long pulse to short pulse - differentiator?

Discussion in 'General Electronics Chat' started by mecha, Nov 10, 2012.

  1. mecha

    Thread Starter New Member

    Nov 10, 2012
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    My immediate problem is turning a long pulse into a short -ve pulse to trigger a 555. I'm using a FET to invert a slowly varying voltage,and plan to use a capacitor/resistor passive differentiator to turn the low going output signal into a low going spike. Two questions. 1 - What kind of values will give me a 10-100 ms spike? 2 - in primers on differentiators, they show a negative going spike - probably not good to take 555 pin 2 below ground - is this a problem and if so, how should I fix it.
     
  2. crutschow

    Expert

    Mar 14, 2008
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    How slow is the "slowly varying voltage"?
     
  3. mecha

    Thread Starter New Member

    Nov 10, 2012
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    its variable - a voltage divider with a CdS in it. General application would be shadow passing over CdS - thanks!
     
  4. crutschow

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    You will not get a sharp pulse from a slowly moving signal with an integrator. A better way may be to use a comparator, such as the LM339, to generate a fast pulse when the voltage crosses the comparator selected trip voltage.
     
  5. mecha

    Thread Starter New Member

    Nov 10, 2012
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    Thanks - I was hoping to find a simple way to clip the signal without using another chip.
     
  6. crutschow

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    Well, you can try a RC differentiator and see how it works. It would be a simple experiment. You might use R*C time-constants of 10ms to 100ms to start.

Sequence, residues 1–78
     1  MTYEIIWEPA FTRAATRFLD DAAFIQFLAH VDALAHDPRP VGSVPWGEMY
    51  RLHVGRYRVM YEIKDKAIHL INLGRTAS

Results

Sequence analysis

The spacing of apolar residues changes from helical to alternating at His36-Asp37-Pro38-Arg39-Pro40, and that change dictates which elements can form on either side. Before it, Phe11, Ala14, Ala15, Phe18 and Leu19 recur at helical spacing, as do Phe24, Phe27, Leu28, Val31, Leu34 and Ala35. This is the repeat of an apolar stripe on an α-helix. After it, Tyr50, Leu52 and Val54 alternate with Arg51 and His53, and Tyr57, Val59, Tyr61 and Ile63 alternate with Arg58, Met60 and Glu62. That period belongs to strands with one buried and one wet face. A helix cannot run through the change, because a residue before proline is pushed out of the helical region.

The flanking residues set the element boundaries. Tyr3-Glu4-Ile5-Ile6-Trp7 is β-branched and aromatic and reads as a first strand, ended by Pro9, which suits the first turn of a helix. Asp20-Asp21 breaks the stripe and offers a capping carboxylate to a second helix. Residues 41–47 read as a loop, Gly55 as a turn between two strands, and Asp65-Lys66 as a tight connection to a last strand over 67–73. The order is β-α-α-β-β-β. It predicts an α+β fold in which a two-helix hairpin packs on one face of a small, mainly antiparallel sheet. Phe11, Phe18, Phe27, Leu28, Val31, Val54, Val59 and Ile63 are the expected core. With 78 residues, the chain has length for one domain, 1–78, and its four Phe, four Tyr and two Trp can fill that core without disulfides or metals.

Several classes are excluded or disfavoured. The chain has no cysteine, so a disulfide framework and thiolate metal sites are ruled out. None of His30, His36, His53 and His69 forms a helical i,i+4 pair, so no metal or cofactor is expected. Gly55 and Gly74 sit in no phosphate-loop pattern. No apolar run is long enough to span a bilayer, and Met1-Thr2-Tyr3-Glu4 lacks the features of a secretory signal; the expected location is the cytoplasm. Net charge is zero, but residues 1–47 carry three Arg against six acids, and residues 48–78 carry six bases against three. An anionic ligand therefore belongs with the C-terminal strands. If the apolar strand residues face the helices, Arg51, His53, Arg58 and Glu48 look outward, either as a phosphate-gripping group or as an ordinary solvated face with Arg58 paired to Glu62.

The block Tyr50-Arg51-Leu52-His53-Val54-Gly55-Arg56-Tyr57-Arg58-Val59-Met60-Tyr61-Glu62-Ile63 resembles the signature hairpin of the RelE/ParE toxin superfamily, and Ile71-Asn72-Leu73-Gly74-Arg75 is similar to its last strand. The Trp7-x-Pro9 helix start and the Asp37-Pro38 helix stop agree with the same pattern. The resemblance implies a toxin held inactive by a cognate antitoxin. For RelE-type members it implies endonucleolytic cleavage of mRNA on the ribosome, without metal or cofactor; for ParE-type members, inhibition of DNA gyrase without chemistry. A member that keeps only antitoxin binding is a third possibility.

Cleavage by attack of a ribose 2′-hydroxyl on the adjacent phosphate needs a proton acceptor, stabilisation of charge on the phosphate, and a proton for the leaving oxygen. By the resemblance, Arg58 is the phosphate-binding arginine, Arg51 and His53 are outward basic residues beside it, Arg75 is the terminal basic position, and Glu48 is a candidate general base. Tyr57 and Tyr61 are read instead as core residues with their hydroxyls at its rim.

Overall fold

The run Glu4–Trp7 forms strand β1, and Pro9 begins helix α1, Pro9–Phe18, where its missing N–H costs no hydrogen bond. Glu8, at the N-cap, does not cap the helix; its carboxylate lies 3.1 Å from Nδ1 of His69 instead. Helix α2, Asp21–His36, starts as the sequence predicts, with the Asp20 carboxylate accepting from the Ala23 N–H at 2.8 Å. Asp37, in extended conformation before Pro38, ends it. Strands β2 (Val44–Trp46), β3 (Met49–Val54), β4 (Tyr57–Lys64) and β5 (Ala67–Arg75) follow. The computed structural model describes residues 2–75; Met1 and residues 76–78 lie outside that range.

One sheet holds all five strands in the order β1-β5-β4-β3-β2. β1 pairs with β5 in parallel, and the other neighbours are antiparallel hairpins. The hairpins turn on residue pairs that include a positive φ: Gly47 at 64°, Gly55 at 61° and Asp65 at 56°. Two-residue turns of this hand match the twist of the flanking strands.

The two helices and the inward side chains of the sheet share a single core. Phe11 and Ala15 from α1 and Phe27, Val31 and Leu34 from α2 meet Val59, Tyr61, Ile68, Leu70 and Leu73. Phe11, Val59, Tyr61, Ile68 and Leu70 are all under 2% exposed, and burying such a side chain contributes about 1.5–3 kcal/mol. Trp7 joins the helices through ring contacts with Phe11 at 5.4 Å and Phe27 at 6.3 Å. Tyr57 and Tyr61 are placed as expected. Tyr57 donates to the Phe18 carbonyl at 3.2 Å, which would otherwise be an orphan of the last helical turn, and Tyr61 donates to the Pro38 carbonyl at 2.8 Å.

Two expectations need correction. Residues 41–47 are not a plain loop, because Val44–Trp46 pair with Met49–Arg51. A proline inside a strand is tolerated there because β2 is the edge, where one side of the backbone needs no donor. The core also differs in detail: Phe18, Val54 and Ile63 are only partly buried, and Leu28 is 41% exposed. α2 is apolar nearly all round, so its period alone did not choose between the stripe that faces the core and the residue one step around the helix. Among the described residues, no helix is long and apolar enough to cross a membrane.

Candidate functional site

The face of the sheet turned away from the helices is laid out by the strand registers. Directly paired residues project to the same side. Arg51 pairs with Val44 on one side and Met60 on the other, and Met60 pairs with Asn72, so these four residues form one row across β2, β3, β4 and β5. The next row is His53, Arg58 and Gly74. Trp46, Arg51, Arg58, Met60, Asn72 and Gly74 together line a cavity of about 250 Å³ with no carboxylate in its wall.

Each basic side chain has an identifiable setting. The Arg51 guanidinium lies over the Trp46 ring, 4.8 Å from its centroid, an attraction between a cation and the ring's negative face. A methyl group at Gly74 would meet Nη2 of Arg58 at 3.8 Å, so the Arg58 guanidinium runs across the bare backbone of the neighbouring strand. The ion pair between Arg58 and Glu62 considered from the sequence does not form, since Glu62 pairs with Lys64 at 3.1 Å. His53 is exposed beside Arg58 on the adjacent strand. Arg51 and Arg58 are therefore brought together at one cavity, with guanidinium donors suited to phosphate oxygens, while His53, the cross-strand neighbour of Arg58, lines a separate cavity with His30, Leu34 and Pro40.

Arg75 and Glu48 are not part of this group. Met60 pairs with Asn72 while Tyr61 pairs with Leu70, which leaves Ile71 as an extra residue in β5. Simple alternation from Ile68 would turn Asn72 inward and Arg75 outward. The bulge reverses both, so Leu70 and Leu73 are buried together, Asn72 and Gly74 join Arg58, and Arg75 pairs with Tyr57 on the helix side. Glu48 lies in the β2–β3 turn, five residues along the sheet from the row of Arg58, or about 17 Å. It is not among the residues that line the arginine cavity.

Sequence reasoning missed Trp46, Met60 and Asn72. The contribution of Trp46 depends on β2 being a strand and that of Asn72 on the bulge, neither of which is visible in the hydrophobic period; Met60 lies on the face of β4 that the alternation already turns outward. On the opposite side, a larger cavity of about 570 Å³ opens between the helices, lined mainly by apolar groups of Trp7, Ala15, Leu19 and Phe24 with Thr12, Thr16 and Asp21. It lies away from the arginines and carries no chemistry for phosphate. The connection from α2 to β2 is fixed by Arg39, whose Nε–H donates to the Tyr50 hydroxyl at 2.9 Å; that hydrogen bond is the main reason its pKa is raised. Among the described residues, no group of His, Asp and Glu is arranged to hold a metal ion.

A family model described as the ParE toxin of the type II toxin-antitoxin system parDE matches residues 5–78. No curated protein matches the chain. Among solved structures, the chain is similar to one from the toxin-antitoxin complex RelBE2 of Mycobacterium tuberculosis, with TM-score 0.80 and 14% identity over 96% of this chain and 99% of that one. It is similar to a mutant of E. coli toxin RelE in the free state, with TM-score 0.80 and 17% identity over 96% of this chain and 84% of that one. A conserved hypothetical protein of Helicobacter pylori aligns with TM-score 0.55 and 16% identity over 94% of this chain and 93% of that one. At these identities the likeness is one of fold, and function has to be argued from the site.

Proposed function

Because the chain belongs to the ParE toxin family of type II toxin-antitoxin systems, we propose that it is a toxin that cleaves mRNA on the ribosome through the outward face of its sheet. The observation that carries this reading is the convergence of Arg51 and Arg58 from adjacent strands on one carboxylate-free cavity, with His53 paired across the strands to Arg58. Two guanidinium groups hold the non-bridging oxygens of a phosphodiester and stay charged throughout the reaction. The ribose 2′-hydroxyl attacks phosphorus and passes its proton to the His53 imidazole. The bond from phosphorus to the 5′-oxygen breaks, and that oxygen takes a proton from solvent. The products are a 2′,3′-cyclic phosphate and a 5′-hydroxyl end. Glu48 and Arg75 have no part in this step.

7. mecha

    Thread Starter New Member

    Nov 10, 2012
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    your point about 'slowly changing' is taken. But in the case ie of a shadow passing across a CdS, there will be a fluctuation, one cycle of an asymmetric waveform
     
  8. crutschow

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    I understand. But unless you can further quantify the nature of the wave frequency and amplitude, it's not possible to give an analytical answer better than I gave you. ;)
     
  9. THE_RB

    AAC Fanatic!

    Feb 11, 2008
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    I suggest you post the schematic, and a description of the overall function of the device. :)

    The 555 has a trigger pin which already provides a comparator type function, and depending how you wire the 555 pins you can probably configure it to trigger on a slowly high-going signal (so can also elminate your FET).

    There are also tricks you can do with the threshold pins etc on the 555 to trigger it under desired conditions.
     
  10. mecha

    Thread Starter New Member

    Nov 10, 2012
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    Pin 5 - that's an interesting idea. I've messed with 555s for years but haven't done much with it.

    The bones of my circuit couldn't be simpler - on the input side, a CdS (ldr) in a voltage divider, and a 555 monostable. Currently inverting the divider voltage with a FET to give a low going pulse to 2.